Saturday, May 2, 2009

You Ready, Floyd?

I can't speak for BWS, John, Meredith, or Janna (screenshot courtesy of her camera), but I still feel like I got my money's worth. Holy shit. Manny Pacquiao makes it look waaaaay too easy to punch people in face.

You've gotta feel for Ricky Hatton. He's a proud dude and a whole lot of people flew all the way from Manchester to Las Vegas, and brought their trumpets and drums to cheer him on. He has to feel like he let them down. Seeing the shot of his distraught fiancee while he was still lying motionless on the mat was heart-wrenching.

You knew someone had to lose this fight, but I don't think anyone aside from Freddie Roach thought it was going to end in a brutal knockout before the first three rounds were over:
"The fight was no surprise to me," Pacquiao's trainer, Freddie Roach, said. "We know he always pumps his hands before he throws a punch. He's a sucker for the right hook."
Hatton had a great run, but when he was matched up truly elite competiton, he got exposed. If it makes you feel any better, Ricky, Will is still going to buy your t-shirt.

Like Mike Tyson said in his documentary, "You should fear the happy fighter". Pacquiao walked down to the ring smiling ear to ear, extending glove bumps to whoever had their fists out. Boxing is a violent sport, but it's not inherently mean-spirited. Roach and Pacquiao go about things the right way, and you can see it in their results. If Floyd Mayweather Jr. beats Juan Manuel Marquez like he should on July 18th, it will set up a perfect Good vs. Evil storyline. Braggadocio, Materialism and Superficiality vs. Humility, Piousness and Virtue. Stay tuned.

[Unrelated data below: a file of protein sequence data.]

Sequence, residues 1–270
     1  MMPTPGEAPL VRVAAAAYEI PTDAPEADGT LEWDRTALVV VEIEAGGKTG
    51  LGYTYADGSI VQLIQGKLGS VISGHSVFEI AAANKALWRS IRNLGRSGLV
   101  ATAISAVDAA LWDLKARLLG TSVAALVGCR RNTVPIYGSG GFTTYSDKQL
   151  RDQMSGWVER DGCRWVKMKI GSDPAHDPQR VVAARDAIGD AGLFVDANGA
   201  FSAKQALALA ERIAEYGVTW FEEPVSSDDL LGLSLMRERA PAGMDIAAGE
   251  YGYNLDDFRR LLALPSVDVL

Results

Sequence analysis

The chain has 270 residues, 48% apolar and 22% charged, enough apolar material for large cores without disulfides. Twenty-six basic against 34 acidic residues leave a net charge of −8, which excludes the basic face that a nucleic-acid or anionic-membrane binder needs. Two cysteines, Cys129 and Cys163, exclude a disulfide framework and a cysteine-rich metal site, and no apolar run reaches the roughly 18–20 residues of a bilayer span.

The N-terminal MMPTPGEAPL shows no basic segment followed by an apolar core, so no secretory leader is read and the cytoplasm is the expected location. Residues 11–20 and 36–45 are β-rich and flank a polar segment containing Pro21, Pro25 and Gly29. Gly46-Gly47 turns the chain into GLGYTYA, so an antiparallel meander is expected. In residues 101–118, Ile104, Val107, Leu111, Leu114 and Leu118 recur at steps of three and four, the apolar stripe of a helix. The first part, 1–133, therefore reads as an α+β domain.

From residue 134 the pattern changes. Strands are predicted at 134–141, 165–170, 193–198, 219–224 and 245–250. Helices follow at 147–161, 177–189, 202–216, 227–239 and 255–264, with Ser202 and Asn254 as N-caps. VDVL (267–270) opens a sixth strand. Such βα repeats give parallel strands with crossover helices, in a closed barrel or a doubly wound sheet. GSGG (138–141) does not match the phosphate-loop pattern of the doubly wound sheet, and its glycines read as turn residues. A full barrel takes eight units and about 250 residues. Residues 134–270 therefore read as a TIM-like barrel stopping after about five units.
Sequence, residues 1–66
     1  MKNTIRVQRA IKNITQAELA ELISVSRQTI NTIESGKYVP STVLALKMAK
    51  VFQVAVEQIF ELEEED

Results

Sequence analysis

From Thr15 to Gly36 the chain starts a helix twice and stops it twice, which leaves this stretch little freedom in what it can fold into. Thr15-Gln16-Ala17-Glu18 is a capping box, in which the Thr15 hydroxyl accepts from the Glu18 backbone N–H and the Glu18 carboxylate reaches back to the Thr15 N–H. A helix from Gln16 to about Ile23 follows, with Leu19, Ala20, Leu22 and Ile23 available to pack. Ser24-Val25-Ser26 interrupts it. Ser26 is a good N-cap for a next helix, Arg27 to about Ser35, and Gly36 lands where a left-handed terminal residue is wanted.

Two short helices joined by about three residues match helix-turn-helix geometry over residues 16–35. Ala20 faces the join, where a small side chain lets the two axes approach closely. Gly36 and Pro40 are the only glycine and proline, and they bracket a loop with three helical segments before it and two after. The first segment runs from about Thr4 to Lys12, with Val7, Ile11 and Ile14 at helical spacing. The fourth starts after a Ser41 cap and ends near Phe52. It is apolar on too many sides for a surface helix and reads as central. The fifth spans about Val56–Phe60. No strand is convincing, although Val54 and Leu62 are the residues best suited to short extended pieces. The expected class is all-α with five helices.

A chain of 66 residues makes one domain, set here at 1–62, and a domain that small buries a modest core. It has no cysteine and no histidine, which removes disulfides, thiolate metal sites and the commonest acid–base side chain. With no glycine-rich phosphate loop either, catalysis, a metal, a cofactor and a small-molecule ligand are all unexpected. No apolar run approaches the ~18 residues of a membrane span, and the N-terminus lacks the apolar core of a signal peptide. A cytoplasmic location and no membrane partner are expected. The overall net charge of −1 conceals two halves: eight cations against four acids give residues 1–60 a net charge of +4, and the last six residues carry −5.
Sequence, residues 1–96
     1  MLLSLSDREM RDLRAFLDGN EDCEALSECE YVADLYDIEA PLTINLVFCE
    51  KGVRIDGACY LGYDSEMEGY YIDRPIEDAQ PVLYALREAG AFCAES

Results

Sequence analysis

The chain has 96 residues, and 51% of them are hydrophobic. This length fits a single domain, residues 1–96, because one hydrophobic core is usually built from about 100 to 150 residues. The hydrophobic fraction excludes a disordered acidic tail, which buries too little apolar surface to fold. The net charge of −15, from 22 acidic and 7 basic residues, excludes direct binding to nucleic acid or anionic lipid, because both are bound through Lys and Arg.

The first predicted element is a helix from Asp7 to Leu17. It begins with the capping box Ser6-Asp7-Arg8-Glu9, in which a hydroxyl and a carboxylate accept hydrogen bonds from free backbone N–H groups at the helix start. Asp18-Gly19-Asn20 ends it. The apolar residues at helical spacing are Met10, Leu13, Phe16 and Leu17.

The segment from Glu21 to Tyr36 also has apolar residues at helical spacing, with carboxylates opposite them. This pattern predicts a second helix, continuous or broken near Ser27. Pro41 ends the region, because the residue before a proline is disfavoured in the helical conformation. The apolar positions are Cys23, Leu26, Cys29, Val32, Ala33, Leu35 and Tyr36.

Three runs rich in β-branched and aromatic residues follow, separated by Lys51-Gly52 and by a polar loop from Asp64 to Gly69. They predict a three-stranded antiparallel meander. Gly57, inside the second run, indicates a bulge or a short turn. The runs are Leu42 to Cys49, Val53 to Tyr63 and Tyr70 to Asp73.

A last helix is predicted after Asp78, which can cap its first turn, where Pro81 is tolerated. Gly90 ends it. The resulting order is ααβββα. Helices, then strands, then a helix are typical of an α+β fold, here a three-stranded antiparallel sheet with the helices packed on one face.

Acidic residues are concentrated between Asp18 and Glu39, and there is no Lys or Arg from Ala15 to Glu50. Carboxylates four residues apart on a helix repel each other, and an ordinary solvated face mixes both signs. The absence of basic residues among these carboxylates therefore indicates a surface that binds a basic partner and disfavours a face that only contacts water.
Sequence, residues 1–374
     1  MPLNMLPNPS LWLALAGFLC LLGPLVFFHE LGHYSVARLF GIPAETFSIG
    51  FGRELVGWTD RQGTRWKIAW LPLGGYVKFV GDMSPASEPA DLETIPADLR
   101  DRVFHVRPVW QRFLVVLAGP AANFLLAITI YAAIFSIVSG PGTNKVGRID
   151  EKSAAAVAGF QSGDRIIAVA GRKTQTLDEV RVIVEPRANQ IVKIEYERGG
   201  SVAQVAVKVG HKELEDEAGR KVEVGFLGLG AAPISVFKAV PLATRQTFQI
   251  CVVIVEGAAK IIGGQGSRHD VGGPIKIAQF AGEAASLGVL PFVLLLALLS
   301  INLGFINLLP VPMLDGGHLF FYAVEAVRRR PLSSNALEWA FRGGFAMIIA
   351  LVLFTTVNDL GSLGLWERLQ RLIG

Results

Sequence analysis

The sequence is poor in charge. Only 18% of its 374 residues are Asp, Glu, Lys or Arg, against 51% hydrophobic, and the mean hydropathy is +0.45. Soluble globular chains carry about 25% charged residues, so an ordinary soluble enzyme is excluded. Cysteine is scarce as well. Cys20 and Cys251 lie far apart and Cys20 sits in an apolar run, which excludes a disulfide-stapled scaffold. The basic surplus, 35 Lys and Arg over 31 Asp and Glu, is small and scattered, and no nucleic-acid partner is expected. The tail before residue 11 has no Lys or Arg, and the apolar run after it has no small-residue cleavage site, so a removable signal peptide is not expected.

Pacman vs. The Hitman

If you were one of the 8 people who were reading this site before the baseball season, you would know that here at Fack Youk, we are fans of sports in general, not just of baseball and not just of the Yankees. Those of us from Upstate New York grew up watching Mike Tyson, and were captivated by the vicious dominance of his early years. But like many boxing fans, we sort of lost interest in the sweet science when Lennox Lewis absconded with the heavyweight title, thereby submarining the division.

Boxing tends to live and die with the charisma of its heavyweights. History tells you that. For every Sugar Ray Robinson, there are ten Gene Tunneys, Jack Dempseys, Max Schmelings, Joe Louises, Rocky Marcianos, Floyd Pattersons, Muhammad Alis, George Foremans, Mike Tysons and Evander Holyfields. There is something inherently captivating about watching two of the biggest and baddest men on the planet determine who is smarter, stronger and tougher, playing by the same rules, using only their fists. It's sporting reduced to it's most basic elements: Strength and Strategy.

Between the Klitschko brothers refusing to fight each other and the 7 foot behemoth Nikolai Valuev refusing to throw a punch and still getting the decision, the heavyweight division is entirely unwatchable at the moment. If you bother to dig a little deeper, however, you'll find that sort of drama can exist at any weight class.